Have Symptoms That Won’t Go Away?

Have Symptoms That Won’t Go Away?

Time for a Conversation with Your Doctor.

Dealing with chronic symptoms can be lonely and frustrating, especially when your physician does not appear to be listening or taking your complaints seriously. Unfortunately, this is a common patient experience. In a study published in the Journal of General Internal Medicine, researchers found patients were only given about 11 seconds to describe the reason for their visit before the doctor interrupted. Even more concerning is that that figure only included the 36% of patients who were actually asked that question by their doctor. Sadly, the results of the 2018 study have remained consistent with findings from earlier studies, which indicates this has been a persistent problem for decades.

When a nurse recently made a short video mocking patients who exaggerated their symptoms, the hashtag #PatientsAreNotFaking began trending, drawing over 77,000 responses in the first week alone from patients who had a delayed diagnosis because their medical care team did not properly consider the symptoms or the extent of the symptoms reported.

Implicit bias, which continues to plague the healthcare industry, just further compounds this issue. Implicit bias is an individual’s unconscious assumptions based on race, age, gender, and other factors. The implicit bias of providers tends to impact the young, women, minorities, and even newborns. The intersection of implicit bias and dismissing patient complaints generally results in missed or delayed diagnoses in a greater proportion of the young, women, and minorities.

Effective medical care can only happen in a mutually respectful and trusting relationship. As a patient, you instinctively know when something is not right with your body and rightfully expect your physician to properly and efficiently consider your reported symptoms and complaints in an effort to get the right diagnosis and treatment plan.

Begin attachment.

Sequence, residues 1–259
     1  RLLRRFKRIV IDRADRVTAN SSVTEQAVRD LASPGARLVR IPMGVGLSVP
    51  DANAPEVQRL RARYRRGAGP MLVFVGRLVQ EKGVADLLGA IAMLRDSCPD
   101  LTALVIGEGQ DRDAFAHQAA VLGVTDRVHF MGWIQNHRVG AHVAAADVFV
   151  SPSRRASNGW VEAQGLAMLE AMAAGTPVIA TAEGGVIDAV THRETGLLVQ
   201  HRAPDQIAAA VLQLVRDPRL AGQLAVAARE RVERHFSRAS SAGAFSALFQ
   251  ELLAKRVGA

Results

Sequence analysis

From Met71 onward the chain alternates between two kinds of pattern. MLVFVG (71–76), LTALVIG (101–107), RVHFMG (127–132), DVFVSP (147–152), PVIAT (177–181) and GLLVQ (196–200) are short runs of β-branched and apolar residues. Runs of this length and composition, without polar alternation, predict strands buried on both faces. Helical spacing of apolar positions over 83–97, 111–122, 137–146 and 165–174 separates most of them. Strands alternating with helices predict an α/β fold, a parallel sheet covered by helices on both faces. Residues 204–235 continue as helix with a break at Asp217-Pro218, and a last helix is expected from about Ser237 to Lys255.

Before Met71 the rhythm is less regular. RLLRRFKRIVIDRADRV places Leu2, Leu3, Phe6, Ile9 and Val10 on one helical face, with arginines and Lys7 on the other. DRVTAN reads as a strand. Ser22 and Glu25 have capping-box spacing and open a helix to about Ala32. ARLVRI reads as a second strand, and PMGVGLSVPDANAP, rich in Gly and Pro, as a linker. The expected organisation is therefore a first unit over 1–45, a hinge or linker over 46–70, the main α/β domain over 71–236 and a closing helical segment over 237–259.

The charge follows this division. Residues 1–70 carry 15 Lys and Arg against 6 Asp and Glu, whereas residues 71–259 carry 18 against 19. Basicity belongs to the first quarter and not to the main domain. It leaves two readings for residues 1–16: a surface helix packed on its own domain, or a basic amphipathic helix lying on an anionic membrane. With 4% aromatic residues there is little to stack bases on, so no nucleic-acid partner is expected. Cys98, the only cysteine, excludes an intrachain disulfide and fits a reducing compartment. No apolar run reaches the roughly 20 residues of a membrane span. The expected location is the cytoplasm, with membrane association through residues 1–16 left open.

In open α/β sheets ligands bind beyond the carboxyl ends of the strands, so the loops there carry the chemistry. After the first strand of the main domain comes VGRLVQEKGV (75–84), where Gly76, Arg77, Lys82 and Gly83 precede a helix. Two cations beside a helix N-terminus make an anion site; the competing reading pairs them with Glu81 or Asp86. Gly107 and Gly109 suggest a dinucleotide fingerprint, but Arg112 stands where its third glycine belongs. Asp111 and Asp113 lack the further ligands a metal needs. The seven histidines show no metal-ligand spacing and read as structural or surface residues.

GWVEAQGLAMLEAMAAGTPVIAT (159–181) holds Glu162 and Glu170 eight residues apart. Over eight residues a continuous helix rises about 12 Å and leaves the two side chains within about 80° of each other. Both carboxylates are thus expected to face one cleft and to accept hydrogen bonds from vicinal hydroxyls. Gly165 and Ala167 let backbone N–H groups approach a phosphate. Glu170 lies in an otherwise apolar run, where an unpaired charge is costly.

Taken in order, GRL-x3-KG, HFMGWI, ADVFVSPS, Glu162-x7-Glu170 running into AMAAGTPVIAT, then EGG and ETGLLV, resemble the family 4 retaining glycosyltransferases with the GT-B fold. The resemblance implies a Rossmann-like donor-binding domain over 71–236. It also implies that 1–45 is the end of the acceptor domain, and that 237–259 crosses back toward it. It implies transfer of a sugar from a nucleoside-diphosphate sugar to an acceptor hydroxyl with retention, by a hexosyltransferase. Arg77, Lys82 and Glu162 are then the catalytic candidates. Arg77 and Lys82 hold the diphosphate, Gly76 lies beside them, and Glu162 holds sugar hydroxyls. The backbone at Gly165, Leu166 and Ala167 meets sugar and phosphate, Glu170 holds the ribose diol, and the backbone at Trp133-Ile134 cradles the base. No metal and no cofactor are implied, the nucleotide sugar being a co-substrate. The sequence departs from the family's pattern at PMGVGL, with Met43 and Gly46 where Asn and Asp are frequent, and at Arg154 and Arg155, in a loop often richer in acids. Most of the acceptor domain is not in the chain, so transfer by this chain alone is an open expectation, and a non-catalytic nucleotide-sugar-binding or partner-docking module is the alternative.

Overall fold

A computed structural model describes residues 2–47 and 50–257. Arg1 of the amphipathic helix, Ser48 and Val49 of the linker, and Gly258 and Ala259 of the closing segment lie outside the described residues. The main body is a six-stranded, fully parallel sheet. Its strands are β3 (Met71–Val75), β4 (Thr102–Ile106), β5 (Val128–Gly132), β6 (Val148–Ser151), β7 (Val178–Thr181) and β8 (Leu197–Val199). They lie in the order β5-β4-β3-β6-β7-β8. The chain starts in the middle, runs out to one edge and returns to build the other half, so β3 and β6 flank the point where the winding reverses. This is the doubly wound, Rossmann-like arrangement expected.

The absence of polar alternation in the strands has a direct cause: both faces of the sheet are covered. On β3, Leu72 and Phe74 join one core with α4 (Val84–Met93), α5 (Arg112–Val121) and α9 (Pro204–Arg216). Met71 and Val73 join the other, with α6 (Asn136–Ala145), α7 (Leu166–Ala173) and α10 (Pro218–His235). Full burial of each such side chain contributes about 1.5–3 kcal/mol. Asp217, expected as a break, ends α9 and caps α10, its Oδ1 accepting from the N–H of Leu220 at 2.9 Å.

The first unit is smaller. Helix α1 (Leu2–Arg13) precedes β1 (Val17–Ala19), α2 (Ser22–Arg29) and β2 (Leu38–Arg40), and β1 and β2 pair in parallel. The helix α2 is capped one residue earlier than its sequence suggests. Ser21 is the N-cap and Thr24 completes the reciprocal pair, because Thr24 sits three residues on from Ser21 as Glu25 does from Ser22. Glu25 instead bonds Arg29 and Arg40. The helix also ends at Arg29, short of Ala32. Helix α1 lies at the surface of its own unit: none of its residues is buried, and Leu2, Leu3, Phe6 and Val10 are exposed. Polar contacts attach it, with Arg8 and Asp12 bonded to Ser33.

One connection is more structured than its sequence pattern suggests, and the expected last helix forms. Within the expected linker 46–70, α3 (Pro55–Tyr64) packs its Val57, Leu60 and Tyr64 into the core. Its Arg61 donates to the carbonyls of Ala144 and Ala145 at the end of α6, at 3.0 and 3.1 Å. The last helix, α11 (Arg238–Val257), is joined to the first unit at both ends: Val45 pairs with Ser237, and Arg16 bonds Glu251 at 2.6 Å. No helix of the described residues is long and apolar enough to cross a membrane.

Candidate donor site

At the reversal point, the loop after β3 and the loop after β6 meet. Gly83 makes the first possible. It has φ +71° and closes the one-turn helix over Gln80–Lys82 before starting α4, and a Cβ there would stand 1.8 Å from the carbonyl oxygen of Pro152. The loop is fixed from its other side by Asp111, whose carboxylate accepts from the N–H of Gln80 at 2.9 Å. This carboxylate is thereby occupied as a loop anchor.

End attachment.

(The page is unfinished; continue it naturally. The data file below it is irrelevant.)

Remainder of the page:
What can you do when your physician seems to dismiss or ignore your concerns? First and most importantly, you know your body best, so trust your instincts. Second, recognize that you are your own best advocate. Third, do not accept being dismissed or ignored by your doctor. If you believe your concerns are being dismissed, consider the following:

  • Repeat your symptoms and health data again simply and factually. It can be stressful talking with a provider. By preparing ahead of time, you can ensure you are sharing all of the relevant information. If you have just seen your provider and your provider has an online portal, consider messaging them in a follow-up communication to reiterate your symptoms and questions. (This toolkit from the Society to Improve Diagnosis in Medicine can help organize your information.)
  • Continue to ask questions. Do not accept your provider’s first answer if it does not address your concerns. Questions such as “What are some possible explanations for these symptoms?” or “What next steps should I take if these symptoms persist or worsen?” can be helpful in re-engaging.
  • Request a referral. If your symptoms persist, ask your primary care provider to send you to a specialist or seek out another provider for a second opinion. (Before you do, read our blog on “When Your Physician Won’t Refer.”)

Ask yourself if you are with the right medical practice. Trust is essential. While your provider is often busy and under time pressure, it should not come at the cost of your care. If you do not feel you and your provider are connecting or that you are not being heard and understood, it may be time to find another provider.

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About The Author

Attorney Thomas is a born advocate and represents individuals in personal injury and medical malpractice cases. She combines an extensive background in civil litigation with expert negotiation skills strengthened by her experience working both sides of the courtroom. Consistently recognized as a top lawyer by state and national organizations, Attorney Thomas is admitted to practice law in Massachusetts and New Hampshire as well as the state and federal courts of Pennsylvania and New Jersey.